This technology allows for the study of N-linked glycosylation in the absence of O-linked glycosylation, and may lead to the production of glycoproteins.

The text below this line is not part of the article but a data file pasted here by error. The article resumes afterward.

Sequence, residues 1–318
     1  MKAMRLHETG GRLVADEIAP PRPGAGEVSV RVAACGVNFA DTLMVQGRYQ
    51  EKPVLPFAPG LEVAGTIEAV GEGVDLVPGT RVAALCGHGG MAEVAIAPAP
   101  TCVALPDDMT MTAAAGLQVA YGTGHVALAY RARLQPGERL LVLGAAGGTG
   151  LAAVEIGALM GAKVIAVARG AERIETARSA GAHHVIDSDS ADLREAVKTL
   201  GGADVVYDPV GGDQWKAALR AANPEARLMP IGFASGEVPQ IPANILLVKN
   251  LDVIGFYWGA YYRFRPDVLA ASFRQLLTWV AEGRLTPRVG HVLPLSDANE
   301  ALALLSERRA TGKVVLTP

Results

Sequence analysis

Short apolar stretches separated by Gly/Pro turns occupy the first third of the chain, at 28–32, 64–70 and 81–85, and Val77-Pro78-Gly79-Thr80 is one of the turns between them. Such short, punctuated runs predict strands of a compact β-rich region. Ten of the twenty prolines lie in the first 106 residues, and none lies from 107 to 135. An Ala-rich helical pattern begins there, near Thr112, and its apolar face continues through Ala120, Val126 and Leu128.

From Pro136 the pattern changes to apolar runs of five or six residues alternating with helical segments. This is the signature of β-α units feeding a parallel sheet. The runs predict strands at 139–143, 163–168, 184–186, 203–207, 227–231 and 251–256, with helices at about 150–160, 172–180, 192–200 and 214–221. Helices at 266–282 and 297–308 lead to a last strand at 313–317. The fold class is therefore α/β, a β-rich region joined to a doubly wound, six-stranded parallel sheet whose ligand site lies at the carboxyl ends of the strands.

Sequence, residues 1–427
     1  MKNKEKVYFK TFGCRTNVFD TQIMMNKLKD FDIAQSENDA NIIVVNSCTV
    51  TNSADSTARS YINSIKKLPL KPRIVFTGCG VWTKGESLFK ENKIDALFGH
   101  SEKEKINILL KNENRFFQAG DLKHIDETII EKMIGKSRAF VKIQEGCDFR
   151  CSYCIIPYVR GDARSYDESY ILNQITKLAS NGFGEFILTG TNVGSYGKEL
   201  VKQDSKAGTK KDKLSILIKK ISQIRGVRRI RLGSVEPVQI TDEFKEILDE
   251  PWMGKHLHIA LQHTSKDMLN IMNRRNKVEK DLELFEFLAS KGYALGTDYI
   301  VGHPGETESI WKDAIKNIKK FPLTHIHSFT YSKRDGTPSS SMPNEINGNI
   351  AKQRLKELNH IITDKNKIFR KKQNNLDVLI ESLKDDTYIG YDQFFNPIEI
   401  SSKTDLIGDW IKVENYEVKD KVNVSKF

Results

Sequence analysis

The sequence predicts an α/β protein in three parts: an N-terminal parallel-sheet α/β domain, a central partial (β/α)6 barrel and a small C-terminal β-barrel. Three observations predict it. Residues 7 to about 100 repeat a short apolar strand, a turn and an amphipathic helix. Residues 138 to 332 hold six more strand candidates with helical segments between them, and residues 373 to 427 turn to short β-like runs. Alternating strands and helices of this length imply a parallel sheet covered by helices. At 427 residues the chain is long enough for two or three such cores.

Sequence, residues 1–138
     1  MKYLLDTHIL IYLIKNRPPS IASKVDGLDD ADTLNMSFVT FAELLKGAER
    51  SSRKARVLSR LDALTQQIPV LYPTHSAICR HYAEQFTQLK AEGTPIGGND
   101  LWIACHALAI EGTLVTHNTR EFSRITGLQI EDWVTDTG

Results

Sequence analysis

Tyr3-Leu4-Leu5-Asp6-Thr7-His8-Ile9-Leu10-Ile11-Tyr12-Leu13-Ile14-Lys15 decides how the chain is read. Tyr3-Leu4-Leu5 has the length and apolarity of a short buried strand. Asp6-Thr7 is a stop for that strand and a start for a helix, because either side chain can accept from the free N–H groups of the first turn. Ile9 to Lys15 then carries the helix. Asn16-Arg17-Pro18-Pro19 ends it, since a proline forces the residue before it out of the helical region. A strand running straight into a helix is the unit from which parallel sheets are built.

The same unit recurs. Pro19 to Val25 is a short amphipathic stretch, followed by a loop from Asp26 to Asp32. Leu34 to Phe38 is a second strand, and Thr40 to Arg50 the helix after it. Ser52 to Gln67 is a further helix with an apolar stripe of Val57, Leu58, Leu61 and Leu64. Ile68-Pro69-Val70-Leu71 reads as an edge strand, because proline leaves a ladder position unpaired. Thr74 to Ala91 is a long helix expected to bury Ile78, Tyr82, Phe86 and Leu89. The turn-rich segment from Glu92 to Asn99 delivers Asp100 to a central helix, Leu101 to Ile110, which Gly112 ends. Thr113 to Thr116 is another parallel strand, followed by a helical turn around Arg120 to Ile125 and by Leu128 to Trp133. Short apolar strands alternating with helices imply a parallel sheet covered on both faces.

UDP-galactose 4-epimerase (GALE) is an enzyme that enables the body to break down the sugar galactose. While the E. Coli form of this enzyme catalyzes only the reversible interconversion of UDPgalactose (UDP-gal) and UDP-glucose (UDP-glc), the human form can also catalyze the interconversion of UDP-N-acetylgalactosamine (UDP-galNAc) and UDP-N-acetylglucosamine (UDP-glcNAc). GALE is therefore an important regulator of these glucose and galactose-derivative substrate pools, all of which can be added to growing sugar chains during N-linked and O-linked glycosylation. Methods currently exist to study mammalian cells that lack GALE activity or in which N-linked glycosylation is specifically blocked; however, no clean mechanism exists for specifically inhibiting O-linked glycosylation. This invention provides genetically modified cell lines that express a GALE capable of interconverting UPD-gal and UDP-glc, but essentially incapable of interconverting UDP-galNAc and UDP-glcNAc. Because UDPgalNAc is the obligate first sugar donor for all mucin-type O-linked glycosylation reactions in mammals, this modification inhibits O-linked glycosylation while allowing galactose metabolism and glycosylation of N-linked sites to proceed normally. These cell lines can be used to produce glycoproteins containing N-linked modifications but essentially no mucin-type O-linked modifications.